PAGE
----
Do coffee and sugar really give us energy?

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Do coffee and sugar really give us energy?

Have you noticed how much coffee, sugar, caffeine and energy drinks we as a society are consuming? Have you ever wondered why in the last few years there has been an explosion of energy drinks, coffee making machines and people drinking take away coffees out of paper cups? And it seems that a new type of chocolate bar or sweet snack appears on the supermarket shelf almost on a weekly basis?

Perhaps you are one of the people drinking several cups of coffee a day and tucking into sugary snacks, so for you this is a normal way of life and you have never given it a second thought or ever wondered why you/we need so much coffee and sugar. After all, you love a good cappuccino or shot of espresso and what harm could a bar of chocolate at morning tea and a cake in the afternoon be doing, as we need sugar for energy, don’t we?

But is that true? Do sugar and caffeine really give us energy?

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Do you need or love your coffee?

When we start being honest we see things from a completely different angle.

Did you know that coffee is the second most traded commodity in the world? And that sugar is ‘hidden’ in nearly all our processed and produced foods, even the ones that are supposed to be a ‘healthy’ choice like a muesli bar, for example?

The average young person today in western countries may consume the equivalent of up to 40 teaspoons of sugar a day[i]. This is 8 times the recommended daily intake [ii].

Caffeine and sugar are stimulants – that means they make us feel as if we have more energy. However what they really do is elevate the nervous system, giving us an artificial or fake rush of energy that is hard for the body to sustain.

So what coffee gives us is not energy, but a big burst of stress

Yes that’s right, caffeine and other stimulants don’t give us energy – they give us stress.

A near miss in the car in an emergency wakes us up by putting us into a state of ‘fight or flight’, but it’s not good for us to feel like that constantly. A hit of caffeine produces the exact same ‘fight or flight’ stress effect in the body by causing an over-production of adrenal hormones like adrenaline and cortisol. These hormones cause a destructive type of ‘energy’ metabolism called catabolism and accelerate ageing. Repeated long-term stimulant use adds to the stress of modern life, which can result in exhaustion, which was the feeling you were trying to counter in the first place by having a coffee ...

But have you considered that we reach for coffee, energy drinks and sugary treats because we are already tired and exhausted, and these provide an artificial way of keeping us going during the day?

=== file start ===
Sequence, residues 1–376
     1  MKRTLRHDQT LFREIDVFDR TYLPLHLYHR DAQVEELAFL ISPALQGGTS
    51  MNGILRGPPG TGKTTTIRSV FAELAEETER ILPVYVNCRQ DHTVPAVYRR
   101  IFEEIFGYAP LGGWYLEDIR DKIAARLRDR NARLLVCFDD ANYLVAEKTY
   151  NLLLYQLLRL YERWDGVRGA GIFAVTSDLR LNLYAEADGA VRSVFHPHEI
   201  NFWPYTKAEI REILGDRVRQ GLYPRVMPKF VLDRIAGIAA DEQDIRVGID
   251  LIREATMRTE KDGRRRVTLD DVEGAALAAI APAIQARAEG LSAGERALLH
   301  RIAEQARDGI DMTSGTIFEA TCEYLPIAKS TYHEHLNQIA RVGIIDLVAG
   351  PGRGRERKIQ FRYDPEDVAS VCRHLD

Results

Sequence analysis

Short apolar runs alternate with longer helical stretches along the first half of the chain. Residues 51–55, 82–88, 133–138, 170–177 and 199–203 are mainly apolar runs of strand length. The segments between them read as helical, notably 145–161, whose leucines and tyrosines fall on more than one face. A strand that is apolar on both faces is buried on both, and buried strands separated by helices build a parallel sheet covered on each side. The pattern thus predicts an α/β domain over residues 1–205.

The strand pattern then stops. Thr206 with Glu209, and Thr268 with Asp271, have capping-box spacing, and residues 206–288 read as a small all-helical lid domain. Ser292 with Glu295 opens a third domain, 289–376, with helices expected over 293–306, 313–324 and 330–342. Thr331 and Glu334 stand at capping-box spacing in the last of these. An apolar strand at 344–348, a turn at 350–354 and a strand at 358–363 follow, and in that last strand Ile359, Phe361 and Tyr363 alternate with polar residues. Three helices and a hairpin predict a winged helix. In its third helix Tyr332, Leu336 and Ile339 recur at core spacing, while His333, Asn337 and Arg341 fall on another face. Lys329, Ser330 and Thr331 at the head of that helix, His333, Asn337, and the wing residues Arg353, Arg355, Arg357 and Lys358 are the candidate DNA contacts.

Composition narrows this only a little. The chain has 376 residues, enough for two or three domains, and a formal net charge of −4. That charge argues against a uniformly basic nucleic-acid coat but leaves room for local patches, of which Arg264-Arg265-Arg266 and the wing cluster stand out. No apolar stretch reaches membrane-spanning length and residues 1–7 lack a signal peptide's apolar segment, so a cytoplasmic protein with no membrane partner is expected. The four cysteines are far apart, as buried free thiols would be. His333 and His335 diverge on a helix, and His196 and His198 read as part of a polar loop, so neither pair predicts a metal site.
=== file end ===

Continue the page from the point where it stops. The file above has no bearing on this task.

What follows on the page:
Sure, sugar may give us more energy and make us feel good because of all the hormones it releases, but it is short-lived, just like the buzz of a coffee, leaving us with a sugar crash that makes us feel more tired and lethargic than we did in the first place.

Could it be that there has been an explosion in energy drinks, coffee and sugary snacks and hidden sugars in our food because we are actually living with too much stress and are burning ourselves out too quickly, so that being tired is now a hidden epidemic?

An epidemic hidden under a sea of stimulants that mask how we are feeling – giving us artificial bursts of energy that stress our nervous system, adrenal glands, liver and pancreas as they have to deal with the aftermath of these chemicals in our bodies that leave us more depleted, drained and exhausted than we were before we consumed them.

So next time you want a coffee or a bar of chocolate ask yourself: do I love it or do I need it?

If you need it, then consider why. Could it be because you are exhausted and can't make it through the day without the hit of caffeine or a sugar fix?

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Exhaustion – a modern day plague

If we are feeling exhausted at the end of the day, how we do what we do in our day may be the reason why.

References:

  • [i]

    Retrieved from http://www.deakin.edu.au/news/latest-media-releases/2015-media-releases-archives/should-we-take-that-sugar-film-with-a-grain-of-salt

  • [ii]

    World Health Organisation. 4 March 2015. Retrieved from
    http://www.who.int/mediacentre/news/releases/2015/sugar-guideline/en/

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SugarExhaustionWork life balanceStress

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